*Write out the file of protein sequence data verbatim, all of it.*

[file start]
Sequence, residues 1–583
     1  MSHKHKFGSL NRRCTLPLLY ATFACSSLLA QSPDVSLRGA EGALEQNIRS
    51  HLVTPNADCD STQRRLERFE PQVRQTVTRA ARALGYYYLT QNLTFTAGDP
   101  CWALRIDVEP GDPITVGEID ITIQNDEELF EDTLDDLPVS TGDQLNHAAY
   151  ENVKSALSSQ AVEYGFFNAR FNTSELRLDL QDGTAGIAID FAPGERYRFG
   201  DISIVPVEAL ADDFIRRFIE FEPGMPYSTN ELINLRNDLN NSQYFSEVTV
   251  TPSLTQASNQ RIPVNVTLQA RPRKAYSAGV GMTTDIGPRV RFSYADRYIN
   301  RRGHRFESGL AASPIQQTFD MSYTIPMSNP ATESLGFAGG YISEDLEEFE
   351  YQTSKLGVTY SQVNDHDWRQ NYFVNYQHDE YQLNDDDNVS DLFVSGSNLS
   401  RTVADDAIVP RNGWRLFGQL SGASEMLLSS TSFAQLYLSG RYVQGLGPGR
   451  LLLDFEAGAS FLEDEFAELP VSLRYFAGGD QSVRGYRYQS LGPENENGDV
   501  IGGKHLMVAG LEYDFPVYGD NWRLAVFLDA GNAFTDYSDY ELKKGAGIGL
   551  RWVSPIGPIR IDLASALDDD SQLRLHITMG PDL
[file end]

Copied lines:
Sequence, residues 1–583
     1  MSHKHKFGSL NRRCTLPLLY ATFACSSLLA QSPDVSLRGA EGALEQNIRS
    51  HLVTPNADCD STQRRLERFE PQVRQTVTRA ARALGYYYLT QNLTFTAGDP
   101  CWALRIDVEP GDPITVGEID ITIQNDEELF EDTLDDLPVS TGDQLNHAAY
   151  ENVKSALSSQ AVEYGFFNAR FNTSELRLDL QDGTAGIAID FAPGERYRFG
   201  DISIVPVEAL ADDFIRRFIE FEPGMPYSTN ELINLRNDLN NSQYFSEVTV
   251  TPSLTQASNQ RIPVNVTLQA RPRKAYSAGV GMTTDIGPRV RFSYADRYIN
   301  RRGHRFESGL AASPIQQTFD MSYTIPMSNP ATESLGFAGG YISEDLEEFE
   351  YQTSKLGVTY SQVNDHDWRQ NYFVNYQHDE YQLNDDDNVS DLFVSGSNLS
   401  RTVADDAIVP RNGWRLFGQL SGASEMLLSS TSFAQLYLSG RYVQGLGPGR
   451  LLLDFEAGAS FLEDEFAELP VSLRYFAGGD QSVRGYRYQS LGPENENGDV
   501  IGGKHLMVAG LEYDFPVYGD NWRLAVFLDA GNAFTDYSDY ELKKGAGIGL
   551  RWVSPIGPIR IDLASALDDD SQLRLHITMG PDL